Emerging and Novel DDTs
DDTs presented that have the potential to make significant contributions to the challenges imposed by insoluble and/or low-permeability compounds include: gastric-retention systems, protein PEGylation, microspheres, drug-device combinations for inhalation or enhanced transdermal delivery, and novel materials.
Although some of these technologies have been utilized for years, recent improvements have enhanced their utility.
Gastric retention, the use of DDT to prolong the residence and release of orally administered drug substance in the upper GI tract, has long been considered a desirable mechanism to increase the duration of action of small molecule therapeutics that have a narrow absorption window in the upper GI tract. Historical results have not met this need.
Bret Berner, Ph.D., vp, product development of DepoMed (Menlo Park, CA), says, "In the past, some gastric-retention technologies attempted to use large particles or devices, potentially resulting in adverse effects on GI function. Our formulations provide particles 1213 mm in diameter, just too large to cross the pylorus in the fed stomach.
"We obtain about six hours of gastric residence, which enables 89 hours of drug delivery and once-daily dosing for many drugs administered 34 times daily in other formulations."
DepoMed's most advanced products are once-daily formulations of metformin for type 2 diabetes and ciprofloxacin for urinary tract infections. Each has been studied in over 1,000 patients and both products have received approval by the FDA.
While no one was claiming oral delivery of peptides and proteins, the long-awaited inhaled formulation of insulin may be close to market. The NDA for Exubera developed by Nektar Therapeutics (San Carlos, CA) and Pfizer was submitted in March. Many other inhaled formulations of insulin and other peptides and proteins are in development.
Dr. Wilding is one of many who believe that the first approval of a protein delivered with a novel delivery will favorably impact the market. "A green light for Exubera could change the perceived risk profile for novel delivery technologies, leading to a resurgence of interest in pulmonary technology for systemic delivery and more investment in transdermal, nasal, and buccal technologies," he said.
PEGylation technology has improved the delivery of injectable proteins. Annual worldwide sales of PEGylated drugs total about $6 billion. According to Mary Bossard, Ph.D., director of biopharmaceutical research, at Nektar, PEGylation has been shown to enhance bioavailability, optimize pharmacokinetics, reduce toxicity, and improve solubility and stability.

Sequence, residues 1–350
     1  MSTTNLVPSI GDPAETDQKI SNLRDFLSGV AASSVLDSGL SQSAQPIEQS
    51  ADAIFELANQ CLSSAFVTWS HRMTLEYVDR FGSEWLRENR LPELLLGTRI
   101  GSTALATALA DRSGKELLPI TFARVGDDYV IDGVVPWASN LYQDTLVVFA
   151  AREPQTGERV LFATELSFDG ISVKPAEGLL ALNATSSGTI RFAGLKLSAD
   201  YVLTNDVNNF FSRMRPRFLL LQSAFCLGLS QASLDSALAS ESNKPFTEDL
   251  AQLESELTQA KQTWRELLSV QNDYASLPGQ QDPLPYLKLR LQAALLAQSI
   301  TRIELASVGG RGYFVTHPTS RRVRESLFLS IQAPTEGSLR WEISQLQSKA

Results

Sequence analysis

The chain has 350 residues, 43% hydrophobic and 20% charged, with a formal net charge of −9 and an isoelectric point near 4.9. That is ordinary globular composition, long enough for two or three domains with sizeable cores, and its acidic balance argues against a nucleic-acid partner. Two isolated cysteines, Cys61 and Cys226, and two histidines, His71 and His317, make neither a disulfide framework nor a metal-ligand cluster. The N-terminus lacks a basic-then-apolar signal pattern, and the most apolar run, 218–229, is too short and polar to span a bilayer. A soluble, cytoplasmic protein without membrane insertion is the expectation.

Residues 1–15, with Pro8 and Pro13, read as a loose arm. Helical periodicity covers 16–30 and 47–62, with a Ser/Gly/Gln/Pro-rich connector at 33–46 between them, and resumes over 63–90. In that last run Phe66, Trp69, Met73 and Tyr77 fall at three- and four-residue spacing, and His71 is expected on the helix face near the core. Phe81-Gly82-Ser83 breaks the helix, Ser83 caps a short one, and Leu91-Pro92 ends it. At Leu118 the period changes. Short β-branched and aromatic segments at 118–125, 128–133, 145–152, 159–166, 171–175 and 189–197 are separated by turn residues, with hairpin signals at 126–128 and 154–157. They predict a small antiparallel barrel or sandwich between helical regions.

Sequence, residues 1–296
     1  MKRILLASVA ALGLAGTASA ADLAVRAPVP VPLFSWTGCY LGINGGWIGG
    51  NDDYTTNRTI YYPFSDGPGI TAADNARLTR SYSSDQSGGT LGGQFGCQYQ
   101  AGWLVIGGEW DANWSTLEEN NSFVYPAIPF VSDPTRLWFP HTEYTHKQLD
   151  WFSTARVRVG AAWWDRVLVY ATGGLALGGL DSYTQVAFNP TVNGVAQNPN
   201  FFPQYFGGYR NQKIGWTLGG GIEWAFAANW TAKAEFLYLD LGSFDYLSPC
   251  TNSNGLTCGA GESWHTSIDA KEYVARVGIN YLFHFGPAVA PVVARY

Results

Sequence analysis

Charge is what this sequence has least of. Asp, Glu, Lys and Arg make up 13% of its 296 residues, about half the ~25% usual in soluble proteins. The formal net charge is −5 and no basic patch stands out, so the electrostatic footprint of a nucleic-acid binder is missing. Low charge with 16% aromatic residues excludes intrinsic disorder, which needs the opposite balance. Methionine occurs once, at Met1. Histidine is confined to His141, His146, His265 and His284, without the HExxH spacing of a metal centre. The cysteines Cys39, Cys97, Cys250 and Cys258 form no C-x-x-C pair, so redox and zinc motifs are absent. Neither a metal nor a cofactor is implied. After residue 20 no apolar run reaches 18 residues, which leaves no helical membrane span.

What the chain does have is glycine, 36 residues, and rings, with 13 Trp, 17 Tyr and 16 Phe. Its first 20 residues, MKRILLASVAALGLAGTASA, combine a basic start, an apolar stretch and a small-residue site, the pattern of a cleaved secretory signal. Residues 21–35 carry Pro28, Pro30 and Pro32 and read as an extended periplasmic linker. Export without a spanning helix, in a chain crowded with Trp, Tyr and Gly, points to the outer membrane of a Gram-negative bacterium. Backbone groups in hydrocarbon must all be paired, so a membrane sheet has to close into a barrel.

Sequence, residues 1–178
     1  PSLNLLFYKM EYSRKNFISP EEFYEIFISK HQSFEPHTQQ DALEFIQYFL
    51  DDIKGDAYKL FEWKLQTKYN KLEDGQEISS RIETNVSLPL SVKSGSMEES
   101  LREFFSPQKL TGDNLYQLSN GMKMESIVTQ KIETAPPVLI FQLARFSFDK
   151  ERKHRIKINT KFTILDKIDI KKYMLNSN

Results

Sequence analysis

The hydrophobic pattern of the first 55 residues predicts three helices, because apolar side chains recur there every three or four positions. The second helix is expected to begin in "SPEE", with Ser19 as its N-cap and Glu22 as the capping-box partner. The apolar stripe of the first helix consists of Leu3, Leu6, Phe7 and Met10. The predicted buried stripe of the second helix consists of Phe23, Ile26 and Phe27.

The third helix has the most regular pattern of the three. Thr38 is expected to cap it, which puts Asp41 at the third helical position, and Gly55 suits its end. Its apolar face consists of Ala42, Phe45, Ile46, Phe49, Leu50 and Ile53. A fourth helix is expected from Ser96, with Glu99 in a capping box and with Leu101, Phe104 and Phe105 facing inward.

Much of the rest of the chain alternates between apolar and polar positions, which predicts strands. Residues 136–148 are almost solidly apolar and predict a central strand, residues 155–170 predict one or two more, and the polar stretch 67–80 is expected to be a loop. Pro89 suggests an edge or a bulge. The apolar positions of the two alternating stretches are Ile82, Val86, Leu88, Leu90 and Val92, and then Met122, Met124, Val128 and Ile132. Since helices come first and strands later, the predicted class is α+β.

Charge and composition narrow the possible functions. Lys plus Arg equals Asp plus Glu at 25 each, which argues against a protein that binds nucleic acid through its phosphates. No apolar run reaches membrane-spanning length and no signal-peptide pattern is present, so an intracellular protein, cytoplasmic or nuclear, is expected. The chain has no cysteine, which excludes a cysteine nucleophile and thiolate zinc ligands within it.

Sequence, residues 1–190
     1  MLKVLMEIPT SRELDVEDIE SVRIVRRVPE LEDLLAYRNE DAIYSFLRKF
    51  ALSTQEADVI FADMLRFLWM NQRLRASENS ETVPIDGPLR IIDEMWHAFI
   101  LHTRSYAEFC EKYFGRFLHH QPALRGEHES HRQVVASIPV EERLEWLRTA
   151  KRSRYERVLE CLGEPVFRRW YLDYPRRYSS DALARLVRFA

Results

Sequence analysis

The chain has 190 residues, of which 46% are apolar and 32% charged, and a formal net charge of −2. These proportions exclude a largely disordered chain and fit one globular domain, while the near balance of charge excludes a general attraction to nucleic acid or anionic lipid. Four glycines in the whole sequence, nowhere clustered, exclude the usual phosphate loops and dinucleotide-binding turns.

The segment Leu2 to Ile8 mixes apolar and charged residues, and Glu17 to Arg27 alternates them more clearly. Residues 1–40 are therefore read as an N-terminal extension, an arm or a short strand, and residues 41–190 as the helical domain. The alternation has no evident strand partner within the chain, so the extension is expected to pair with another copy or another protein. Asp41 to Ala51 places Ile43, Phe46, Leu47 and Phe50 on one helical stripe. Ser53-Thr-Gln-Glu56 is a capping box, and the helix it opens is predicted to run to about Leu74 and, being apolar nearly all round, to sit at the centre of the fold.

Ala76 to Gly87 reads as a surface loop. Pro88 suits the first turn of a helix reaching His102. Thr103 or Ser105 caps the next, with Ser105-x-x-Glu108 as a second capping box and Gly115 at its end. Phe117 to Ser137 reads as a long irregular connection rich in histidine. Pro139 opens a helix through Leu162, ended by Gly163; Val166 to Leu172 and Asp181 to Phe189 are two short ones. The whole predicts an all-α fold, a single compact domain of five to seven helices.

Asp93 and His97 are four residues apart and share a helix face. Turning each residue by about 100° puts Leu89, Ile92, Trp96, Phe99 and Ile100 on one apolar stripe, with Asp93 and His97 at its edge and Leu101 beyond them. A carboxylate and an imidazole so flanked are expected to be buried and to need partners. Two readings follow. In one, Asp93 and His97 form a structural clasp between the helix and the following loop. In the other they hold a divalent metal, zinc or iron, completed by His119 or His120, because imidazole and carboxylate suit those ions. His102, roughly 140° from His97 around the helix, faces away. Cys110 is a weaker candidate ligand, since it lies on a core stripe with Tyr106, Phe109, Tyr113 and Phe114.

Nektar's Advanced PEGylation is based on PEGs selected from a broader range of molecular weights (560 kDa), functional groups, and improvements in attachment chemistry. PEGASYS, once-weekly alpha-interferon for the treatment of hepatitis C, was developed by Roche using Nektar's Advanced PEGylation to compete with Schering's PEG INTRON, a PEGylated alpha interferon.
PEG Intron was one of the first PEGylated therapeutic proteins and was an improved formulation of non-PEGylated Intron A, recombinant interferon alpha 2b.
"PEGASYS is made with a 40 kDa branched mPEG-NHS reagent. One PEG molecule is bound to a lysine on each alpha-interferon, providing high in vivo efficacy. PEG INTRON is also mono-PEGylated, but uses a 12kDa PEG with binding to 14 different sites, primarily histidine residues.
PEGASYS provides higher and more uniform blood levels," according to the firm. PEGASYS captured 60% of the market within two years of launch, virtually all at the expense of PEG INTRON.
Epic Therapeutics' (Norwood, MA) Promaxx is an aqueous-based formulation technology that produces microspheres for inhalation or injection with over 95% drug loading. The manufacturing process can be controlled to produce microspheres from 0.4 to 50 microns in diameter within a narrow particle size range that can contain proteins, nucleic acids, or small molecules, says Larry Brown, Sc.D., CTO of Epic.
Epic has developed Promaxx formulations of insulin, alpha-1-antitrypsin, and hGH for pulmonary delivery. Most of the development has been conducted with dry powder inhalers, a limited amount with HFA-based inhalers.
The target particle size depends on the desired site of uptake. For example, microspheres 13 microns in diameter containing insulin are targeted to the alveoli for systemic delivery.